Barry Allen’s on trial for murder on The Flash in “The Trial of The Flash,” and there’s nowhere he can run from justice.

During the climax of the episode, Barry wields a dramatic new power that proves he’s faster than ever. It’s just too bad that his freedom is on the line.

Spoilers follow for The Flash Season 4, Episode 10: “The Trial of The Flash.”

In the mid-season finale, “Don’t Run,” The Thinker transferred his mind into a younger, healthier meta-human and framed Barry for the murder of Clifford DeVoe — who was seemingly left as a brainless husk after the aforementioned transfer. The Thinker thoroughly set up the framing to set Barry up, and the evidence is totally stacked against him.

The prosecutor for the trial is district attorney Anton Slater against Cecile’s defense of Barry. Slater deftly builds his case rather quickly, calling into question Barry’s unapproved six-month “sabbatical” to the Czech Republic (the excuse they gave for Barry being in the Speed Force), and he also highlights the 72 times Barry’s been late to work over the past two years.

Mark Valley as district attorney Anton Slater, who prosecutes Barry.
Mark Valley as district attorney Anton Slater, who prosecutes Barry.

His entire case is built around the many suspicious details in Barry’s history, as if he has a secret identity … as a murderer. As such, even the few people that do publicly vouch for Barry’s character aren’t enough to convince the jury.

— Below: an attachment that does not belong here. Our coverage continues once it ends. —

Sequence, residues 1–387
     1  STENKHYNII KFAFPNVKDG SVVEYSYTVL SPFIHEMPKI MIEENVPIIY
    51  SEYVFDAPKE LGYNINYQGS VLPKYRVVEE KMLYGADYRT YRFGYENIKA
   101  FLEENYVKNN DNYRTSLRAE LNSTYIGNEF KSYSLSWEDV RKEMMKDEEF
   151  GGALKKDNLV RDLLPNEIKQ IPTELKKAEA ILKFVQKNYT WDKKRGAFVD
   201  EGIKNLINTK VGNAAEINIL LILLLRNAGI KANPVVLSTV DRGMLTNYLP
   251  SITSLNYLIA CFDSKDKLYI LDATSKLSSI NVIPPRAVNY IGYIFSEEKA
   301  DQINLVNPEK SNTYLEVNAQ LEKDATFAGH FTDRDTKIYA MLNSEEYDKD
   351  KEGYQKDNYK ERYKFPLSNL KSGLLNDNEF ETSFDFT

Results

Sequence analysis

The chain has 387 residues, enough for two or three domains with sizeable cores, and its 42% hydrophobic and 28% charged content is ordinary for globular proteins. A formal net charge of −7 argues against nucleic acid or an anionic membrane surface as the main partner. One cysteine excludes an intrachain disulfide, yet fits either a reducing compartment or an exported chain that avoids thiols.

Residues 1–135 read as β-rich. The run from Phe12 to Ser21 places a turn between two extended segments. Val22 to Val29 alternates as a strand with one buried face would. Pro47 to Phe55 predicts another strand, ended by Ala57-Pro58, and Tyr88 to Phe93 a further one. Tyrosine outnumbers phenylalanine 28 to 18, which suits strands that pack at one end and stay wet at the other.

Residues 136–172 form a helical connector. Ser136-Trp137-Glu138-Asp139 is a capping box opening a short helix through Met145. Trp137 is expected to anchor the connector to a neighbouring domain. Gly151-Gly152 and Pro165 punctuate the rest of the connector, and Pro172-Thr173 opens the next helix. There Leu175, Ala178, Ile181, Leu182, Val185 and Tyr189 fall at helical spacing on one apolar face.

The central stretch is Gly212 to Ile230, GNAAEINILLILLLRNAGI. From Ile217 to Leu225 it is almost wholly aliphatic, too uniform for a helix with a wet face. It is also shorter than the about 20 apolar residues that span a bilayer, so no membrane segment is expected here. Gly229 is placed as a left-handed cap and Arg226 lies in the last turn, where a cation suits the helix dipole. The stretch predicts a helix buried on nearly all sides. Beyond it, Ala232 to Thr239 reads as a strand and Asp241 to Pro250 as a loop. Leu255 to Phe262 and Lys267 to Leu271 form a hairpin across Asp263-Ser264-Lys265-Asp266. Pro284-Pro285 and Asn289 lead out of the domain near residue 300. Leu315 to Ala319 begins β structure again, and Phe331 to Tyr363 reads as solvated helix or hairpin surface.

Cecile and Iris recognize that the only way for Barry to win the case is for him to take the stand and testify with the truth, admitting that he’s The Flash. But that’s not something he’s willing to do.

For a long stretch this episode, The Flash really wants you to think that they’ll actually follow through with it, going so far as to offer up a cliffhanger in which Iris bursts into the courtroom and says, “Barry Allen is …”

Just then, Barry reveals a new power. He rushes over to Iris and holds her in front of everyone, but he explains that he’s moving so fast that everyone else is still. They hold a lengthy, tear-filled conversation like this, and Barry’s able to run back without anybody noticing what happened.

Barry worries about the courtroom drama.
Barry worries about the courtroom drama.

Barry’s not even sure how he was able to move this fast, but in case you were wondering, those speed levels are pretty much faster than is conceivable.

Ultimately, Barry Allen follows in his father’s footsteps. After saving the city one last time against a nuclear-charged “bus meta,” Barry’s convicted of the murder and sentenced to life in prison without parole. Legally speaking, Barry can never leave jail — until he does — which means that either Team Flash will figure out a way to have the conviction overturned or we’ll eventually get his secret identity publicly outed.

Either way, The Flash is starting to really frustrate its viewers, and next week’s episode that will see Ralph become a hero doesn’t seem like it’ll deliver.

On the plus side, maybe now this means that we can get The Flash on the DCTV version of the Suicide Squad? It’s doubtful, but we can dream, right?

If only we could see Barry team-up with other Arrowverse criminals.
If only we could see Barry team-up with other Arrowverse criminals.

The Flash airs Mondays on The CW at 8 p.m. Eastern.